The government will not consider changes to legislation as part of its review into new IR35 tax rules, it has been claimed.
According to the Recruitment & Employment Confederation, HMRC has clarified that the review, launched on Tuesday, would be limited to how the off-payroll working rules are implemented in the private sector and would not seek to change the legislation itself.
“It is disappointing that the review won’t be looking into the legislation itself, as we had hoped, and will limit engagement from outside of London [where the review’s six round table discussions will take place],” said Tom Hadley, director of policy and campaigns at the REC.
“This makes delaying implementation, and the need to regulate umbrella bodies, even more urgent. Businesses may have just weeks to make sweeping reforms to their payroll at what is already an extraordinarily difficult time as Brexit uncertainty and skills shortages take their toll on employer confidence. Getting IR35 right and learning from the lessons of the past is critical.”
Final legislation will not be revealed until the Budget on 11 March. Susan Ball, partner at audit, tax and consulting firm RSM, reminded employers of the problems that finalising the legislation so close to the implementation date posed when the IR35 changes were introduced to the public sector.
“When the existing rules were first introduced in the public sector in April 2017, the final legislation was only made available immediately prior to introduction. This caused implementation headaches for public sector bodies and contractors, and there’s a danger of history repeating itself here,” she said.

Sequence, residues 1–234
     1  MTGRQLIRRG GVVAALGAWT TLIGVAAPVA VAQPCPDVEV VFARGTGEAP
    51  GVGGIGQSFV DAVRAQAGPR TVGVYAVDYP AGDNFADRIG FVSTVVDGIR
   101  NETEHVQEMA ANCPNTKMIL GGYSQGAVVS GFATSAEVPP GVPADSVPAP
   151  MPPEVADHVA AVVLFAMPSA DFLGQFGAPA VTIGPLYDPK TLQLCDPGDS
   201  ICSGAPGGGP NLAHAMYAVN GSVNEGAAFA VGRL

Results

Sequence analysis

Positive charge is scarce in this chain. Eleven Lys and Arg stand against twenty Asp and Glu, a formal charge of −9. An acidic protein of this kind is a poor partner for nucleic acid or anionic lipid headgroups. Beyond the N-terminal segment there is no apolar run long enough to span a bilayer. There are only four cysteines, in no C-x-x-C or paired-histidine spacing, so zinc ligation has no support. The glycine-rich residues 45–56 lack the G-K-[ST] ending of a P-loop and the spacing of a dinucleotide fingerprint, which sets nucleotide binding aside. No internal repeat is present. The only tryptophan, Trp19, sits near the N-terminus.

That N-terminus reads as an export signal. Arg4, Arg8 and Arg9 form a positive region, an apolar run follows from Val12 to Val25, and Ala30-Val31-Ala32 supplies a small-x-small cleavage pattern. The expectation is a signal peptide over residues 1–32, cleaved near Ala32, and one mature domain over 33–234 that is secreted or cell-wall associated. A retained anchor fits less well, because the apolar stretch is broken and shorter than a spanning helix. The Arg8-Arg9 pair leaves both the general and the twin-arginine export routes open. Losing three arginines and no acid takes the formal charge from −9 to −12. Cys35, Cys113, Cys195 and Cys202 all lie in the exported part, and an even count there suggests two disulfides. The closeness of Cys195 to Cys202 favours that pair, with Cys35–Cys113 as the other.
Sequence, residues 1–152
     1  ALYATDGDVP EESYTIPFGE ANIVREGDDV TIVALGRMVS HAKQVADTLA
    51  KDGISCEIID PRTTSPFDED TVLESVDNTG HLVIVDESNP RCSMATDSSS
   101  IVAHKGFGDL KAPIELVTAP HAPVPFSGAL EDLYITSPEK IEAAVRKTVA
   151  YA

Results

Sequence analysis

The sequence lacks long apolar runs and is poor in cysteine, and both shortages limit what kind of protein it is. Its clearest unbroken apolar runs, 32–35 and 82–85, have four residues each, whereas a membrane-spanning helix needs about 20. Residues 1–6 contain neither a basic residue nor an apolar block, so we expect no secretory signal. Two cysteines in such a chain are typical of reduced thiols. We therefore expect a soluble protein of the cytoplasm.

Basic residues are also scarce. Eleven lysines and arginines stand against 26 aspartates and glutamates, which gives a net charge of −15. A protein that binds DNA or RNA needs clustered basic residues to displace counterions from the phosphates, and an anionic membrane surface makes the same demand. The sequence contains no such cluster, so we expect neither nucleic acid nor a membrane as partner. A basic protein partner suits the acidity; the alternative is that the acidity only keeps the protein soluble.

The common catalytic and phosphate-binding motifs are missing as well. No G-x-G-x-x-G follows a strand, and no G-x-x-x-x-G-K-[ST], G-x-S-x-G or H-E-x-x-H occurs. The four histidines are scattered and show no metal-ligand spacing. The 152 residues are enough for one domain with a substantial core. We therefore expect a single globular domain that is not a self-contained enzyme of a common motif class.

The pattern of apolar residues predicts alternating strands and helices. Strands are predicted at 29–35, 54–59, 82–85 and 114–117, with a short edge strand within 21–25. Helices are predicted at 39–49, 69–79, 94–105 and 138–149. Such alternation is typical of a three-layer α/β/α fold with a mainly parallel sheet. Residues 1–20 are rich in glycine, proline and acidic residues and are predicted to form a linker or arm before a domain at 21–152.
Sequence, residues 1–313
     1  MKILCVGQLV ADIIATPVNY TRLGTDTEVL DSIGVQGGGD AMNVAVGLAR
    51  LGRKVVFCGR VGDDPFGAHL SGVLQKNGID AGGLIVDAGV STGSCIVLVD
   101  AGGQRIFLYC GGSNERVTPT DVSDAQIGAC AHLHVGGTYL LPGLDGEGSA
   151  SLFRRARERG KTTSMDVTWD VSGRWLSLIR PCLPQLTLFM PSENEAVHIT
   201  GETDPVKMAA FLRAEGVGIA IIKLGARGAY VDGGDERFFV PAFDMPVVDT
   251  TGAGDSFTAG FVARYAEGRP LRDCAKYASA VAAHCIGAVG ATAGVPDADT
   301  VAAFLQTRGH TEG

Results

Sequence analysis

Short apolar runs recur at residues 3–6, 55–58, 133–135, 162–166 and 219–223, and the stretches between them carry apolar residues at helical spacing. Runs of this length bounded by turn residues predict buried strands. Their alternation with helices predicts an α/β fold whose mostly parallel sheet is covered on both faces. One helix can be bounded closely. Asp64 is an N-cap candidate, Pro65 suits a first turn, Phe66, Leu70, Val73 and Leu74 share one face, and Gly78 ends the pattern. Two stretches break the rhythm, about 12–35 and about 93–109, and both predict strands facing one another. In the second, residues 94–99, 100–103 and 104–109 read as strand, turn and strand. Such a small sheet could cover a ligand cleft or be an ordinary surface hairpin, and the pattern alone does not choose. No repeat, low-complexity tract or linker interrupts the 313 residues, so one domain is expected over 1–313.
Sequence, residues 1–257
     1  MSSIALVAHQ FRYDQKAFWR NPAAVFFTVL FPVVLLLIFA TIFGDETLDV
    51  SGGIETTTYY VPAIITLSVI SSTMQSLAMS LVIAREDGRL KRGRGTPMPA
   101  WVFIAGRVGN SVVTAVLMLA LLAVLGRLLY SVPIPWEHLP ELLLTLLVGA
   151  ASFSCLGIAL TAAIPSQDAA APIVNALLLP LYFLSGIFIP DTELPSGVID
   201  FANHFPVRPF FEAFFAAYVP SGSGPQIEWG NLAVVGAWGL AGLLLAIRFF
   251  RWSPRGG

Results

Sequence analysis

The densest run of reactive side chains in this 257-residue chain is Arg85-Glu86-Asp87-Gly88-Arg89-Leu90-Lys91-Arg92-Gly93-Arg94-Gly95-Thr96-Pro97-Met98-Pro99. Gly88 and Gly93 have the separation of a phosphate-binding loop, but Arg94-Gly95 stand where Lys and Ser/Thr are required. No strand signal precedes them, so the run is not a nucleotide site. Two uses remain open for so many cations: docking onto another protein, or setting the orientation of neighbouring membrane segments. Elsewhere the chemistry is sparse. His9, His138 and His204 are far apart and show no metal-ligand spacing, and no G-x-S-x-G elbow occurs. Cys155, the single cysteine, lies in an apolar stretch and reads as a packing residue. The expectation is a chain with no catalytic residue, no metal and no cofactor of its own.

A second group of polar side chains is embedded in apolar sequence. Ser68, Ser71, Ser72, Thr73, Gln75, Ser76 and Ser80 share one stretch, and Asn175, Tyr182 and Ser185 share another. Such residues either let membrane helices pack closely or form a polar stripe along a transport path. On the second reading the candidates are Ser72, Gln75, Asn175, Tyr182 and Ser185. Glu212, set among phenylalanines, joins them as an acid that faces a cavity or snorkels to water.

“It is still possible that some of the more onerous obligations of the new rules, such as the transfer of debt provisions, may be watered down ahead of the final legislation being issued, but those holding out for wholesale change are likely to be disappointed.”
Nicola Hayman, legal manager at contractor insurance provider Kingsbridge, urged organisations and contractors to prepare now as there “simply isn’t time” to wait for the outcome of the review and for final legislation.
Hayman also sought to alleviate employers’ concerns about using contractors after the changes come in on 6 April. “Contractors represent a vibrant and increasingly important part of the UK economy, and this point further emphasises the fact that there is no reason why companies should be concerned about continuing to engage with this talent pool after April,” she said.
“Even when using HMRC’s own calculations, the vast majority of PSC [personal service company] contractors are genuinely self-employed – and recruiters should communicate this fact to any clients who may be spooked by the recent flurry of blanket bans so that they don’t consider implementing their own veto on contractors.
“In our experience, good recruiters are happy to place genuine contractors outside of IR35, and will work with clients to determine the status of these individuals, helping the client to overcome reasonable care requirements.”
HMRC has been contacted for comment.